Standing in the Footprint: Including the Self in the Privacy Debate and Policy Development

Article excerpt

Personal information can be considered a shared good, since in many cases this information is accessed, used and distributed by more than just the individual. Thus, how personal information is defined or characterized and why it is valued differs based on whether or not one is the person whom the information describes. This article shows how current debates that influence policy and regulation are largely based on economic and social frameworks, points out policy issues that are evident due to the absence of a "self-perspective," and suggests how inclusion of the "self" might lead to more effective policy in the future.

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Personal information sharing is core to both social exchange and, in today's economy, commercial interaction. Yet, the pervasive nature of information sharing and the commoditizing of personal details challenge the current perspective of informational privacy. This has led to continued debate over privacy and consumer/personal information as the needs of commercial and social constituents are balanced against the rights and perceived danger to the individual. This balancing act is exemplified in the recent media coverage of LifeLock, the identity protection firm that offers "fraud alert" coverage on credit files (Lieber 2008). Here, the commercial need for customer credit information creates an opportunity for identity theft, which leads to paid services to protect consumers from such danger.

For an individual who is unequivocally and permanently attached to a set of personally identifying characteristics, the special nature of self-perception and the value of identity can be compromised when both descriptive and intimate information is provided to another, either in a social situation or in a commercially base exchange. For the permanently attached body, personal details that are shared, be it for goal achievement or otherwise, may be thought of as sacrifices of the self (Belk 1988). Such consideration of self-sacrifice is in contrast to the more prevalent privacy debate perspectives that personal information exchange involves a social dilemma and/or one of economic value, property, and shared use (Cress, Kimmerle and Hesse 2006). Where the social perspective rests on the assumption that improving the overall welfare of the group directs the choice of what, if any, information should be publically disclosed, the economic perspective focuses on the debate over whether personal information should be subject to control beyond that of the individual; that is, how others' information is retained and used/reused and to what extent this leads to greater economic value.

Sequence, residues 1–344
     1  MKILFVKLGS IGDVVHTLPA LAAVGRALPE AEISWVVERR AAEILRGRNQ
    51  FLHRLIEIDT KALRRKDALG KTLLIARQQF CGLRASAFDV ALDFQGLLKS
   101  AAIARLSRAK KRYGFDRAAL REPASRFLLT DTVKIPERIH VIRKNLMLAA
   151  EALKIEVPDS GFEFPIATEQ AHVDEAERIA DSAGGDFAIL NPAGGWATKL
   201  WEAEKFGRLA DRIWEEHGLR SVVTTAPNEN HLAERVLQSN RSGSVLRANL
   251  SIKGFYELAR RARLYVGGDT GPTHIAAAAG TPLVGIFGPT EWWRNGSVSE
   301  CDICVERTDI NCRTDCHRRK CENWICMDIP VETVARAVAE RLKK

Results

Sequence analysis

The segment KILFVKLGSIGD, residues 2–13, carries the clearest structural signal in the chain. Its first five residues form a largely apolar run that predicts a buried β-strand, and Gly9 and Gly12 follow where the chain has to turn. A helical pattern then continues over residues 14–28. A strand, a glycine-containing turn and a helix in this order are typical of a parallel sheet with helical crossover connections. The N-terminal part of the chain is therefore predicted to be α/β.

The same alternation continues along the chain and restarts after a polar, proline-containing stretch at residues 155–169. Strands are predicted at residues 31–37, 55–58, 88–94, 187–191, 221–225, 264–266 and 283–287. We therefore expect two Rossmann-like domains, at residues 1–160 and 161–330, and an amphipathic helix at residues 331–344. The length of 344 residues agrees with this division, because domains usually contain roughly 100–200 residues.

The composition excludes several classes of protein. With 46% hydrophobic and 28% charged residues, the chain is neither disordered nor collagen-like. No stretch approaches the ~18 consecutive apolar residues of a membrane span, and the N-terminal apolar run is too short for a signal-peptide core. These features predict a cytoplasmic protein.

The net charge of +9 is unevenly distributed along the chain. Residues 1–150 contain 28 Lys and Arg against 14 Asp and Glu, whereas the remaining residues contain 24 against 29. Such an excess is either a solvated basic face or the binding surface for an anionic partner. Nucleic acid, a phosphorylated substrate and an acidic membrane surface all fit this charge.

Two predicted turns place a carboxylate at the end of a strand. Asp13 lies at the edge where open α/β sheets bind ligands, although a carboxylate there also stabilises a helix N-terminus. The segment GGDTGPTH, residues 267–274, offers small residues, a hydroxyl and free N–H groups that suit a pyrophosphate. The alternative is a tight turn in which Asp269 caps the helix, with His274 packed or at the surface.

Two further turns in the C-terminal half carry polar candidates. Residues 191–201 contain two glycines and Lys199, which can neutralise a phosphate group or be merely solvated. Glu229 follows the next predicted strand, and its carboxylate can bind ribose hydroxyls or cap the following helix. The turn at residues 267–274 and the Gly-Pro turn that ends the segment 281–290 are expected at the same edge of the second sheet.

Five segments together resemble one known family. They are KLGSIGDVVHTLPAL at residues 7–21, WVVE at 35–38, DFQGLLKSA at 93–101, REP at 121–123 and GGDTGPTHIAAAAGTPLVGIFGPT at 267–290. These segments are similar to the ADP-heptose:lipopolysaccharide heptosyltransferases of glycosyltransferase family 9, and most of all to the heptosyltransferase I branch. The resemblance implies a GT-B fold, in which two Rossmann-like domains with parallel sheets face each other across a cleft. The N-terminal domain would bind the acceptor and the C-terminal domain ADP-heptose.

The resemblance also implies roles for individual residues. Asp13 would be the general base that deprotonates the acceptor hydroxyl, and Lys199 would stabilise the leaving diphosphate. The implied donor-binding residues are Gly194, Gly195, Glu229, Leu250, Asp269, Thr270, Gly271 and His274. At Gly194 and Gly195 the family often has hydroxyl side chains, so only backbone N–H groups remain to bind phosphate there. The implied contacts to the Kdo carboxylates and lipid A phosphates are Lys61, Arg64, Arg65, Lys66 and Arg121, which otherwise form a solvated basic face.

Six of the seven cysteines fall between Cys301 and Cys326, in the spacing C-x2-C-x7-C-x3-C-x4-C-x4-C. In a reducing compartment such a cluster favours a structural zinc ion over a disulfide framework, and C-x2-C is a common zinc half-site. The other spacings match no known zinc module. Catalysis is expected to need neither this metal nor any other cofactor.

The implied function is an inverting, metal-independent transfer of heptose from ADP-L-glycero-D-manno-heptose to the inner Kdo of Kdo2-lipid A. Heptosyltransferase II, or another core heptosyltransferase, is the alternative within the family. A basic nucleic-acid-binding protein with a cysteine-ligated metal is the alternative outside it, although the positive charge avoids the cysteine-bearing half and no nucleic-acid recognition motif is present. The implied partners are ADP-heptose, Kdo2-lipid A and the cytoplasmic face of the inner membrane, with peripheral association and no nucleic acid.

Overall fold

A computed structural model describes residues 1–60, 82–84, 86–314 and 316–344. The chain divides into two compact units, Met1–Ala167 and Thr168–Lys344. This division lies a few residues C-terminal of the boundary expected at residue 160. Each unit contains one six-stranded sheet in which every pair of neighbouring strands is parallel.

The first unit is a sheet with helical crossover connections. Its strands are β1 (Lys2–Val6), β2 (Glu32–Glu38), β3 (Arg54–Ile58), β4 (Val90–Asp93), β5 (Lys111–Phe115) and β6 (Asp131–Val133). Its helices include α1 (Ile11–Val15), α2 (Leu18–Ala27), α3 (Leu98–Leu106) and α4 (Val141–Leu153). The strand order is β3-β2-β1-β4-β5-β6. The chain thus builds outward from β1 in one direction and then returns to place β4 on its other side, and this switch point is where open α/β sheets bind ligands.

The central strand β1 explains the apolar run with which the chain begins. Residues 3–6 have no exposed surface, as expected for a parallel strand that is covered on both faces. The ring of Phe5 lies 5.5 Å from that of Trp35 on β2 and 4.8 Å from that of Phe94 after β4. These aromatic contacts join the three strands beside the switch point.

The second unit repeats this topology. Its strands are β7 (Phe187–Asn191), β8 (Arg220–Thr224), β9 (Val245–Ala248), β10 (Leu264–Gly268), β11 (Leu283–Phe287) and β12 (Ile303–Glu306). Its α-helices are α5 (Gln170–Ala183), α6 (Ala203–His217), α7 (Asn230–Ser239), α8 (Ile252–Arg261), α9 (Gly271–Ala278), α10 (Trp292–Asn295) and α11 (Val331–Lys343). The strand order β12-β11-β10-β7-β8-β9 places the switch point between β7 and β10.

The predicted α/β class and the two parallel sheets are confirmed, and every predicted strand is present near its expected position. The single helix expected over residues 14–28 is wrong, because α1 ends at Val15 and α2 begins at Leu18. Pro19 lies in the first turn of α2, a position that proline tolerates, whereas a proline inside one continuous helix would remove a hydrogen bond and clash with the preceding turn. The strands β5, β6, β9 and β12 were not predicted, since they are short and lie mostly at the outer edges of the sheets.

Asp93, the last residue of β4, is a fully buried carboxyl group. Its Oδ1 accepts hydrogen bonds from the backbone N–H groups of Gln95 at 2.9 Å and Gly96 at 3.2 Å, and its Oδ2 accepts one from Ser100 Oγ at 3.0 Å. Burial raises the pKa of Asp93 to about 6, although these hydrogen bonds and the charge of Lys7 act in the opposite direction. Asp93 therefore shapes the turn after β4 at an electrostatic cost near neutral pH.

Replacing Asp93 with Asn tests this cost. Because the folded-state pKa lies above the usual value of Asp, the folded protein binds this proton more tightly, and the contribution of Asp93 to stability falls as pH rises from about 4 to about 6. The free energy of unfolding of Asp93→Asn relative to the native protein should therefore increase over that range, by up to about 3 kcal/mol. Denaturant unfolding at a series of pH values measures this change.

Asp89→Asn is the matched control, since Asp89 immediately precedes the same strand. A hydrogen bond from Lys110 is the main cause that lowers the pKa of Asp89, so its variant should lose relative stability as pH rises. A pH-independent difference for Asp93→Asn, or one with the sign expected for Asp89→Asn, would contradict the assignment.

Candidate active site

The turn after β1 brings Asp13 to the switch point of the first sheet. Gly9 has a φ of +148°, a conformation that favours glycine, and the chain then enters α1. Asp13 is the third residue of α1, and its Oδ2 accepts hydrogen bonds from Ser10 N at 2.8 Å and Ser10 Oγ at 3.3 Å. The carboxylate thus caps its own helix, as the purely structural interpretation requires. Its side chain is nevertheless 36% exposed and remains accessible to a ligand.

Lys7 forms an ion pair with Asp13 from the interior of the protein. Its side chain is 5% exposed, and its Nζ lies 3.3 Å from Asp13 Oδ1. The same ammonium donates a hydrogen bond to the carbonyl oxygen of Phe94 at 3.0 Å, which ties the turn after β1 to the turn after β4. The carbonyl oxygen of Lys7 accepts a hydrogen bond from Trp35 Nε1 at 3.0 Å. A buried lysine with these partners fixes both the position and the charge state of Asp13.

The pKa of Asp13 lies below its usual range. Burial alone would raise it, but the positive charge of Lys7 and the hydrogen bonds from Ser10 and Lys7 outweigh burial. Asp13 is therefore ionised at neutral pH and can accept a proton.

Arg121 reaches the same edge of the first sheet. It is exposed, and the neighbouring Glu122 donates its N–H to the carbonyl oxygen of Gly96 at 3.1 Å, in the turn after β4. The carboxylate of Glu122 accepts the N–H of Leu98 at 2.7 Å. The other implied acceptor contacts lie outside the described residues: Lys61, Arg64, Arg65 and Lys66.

While researchers have not neglected pursuing theoretically grounded arguments to debate the privacy issue, collectively we have been remiss in mostly excluding theory of the self--the individual and his/her relationship to the information in isolation of any exchange that may take place. Such a discussion is likely to be enlightening, as it is this "absolute" view that in whole or part may drive the cognitive and emotional appraisals associated with the sharing of personal information in both commercial and social situations. As highlighted later in this article, we suggest that the underlying dynamic of the self plays an important role in delineating what is and is not private and drives the success or lack thereof in the outcomes of various regulatory and/or marketplace initiatives.

In the following text, we present a brief discussion of privacy and then present the economics-based rationale for information sharing, the value of information in a social system, and finally the value of information to the self. Policy developments based on the economics and social frameworks are also included. Emphasis on the third view, the self-perspective, constitutes the contribution of this article. Although not fully integrated into the political discourse on privacy now, we argue that our assessment of the interactions between the economic-social aggregate and the individual, and the resulting action-reaction interplays, will offer new perspectives for privacy discussions and policy direction. …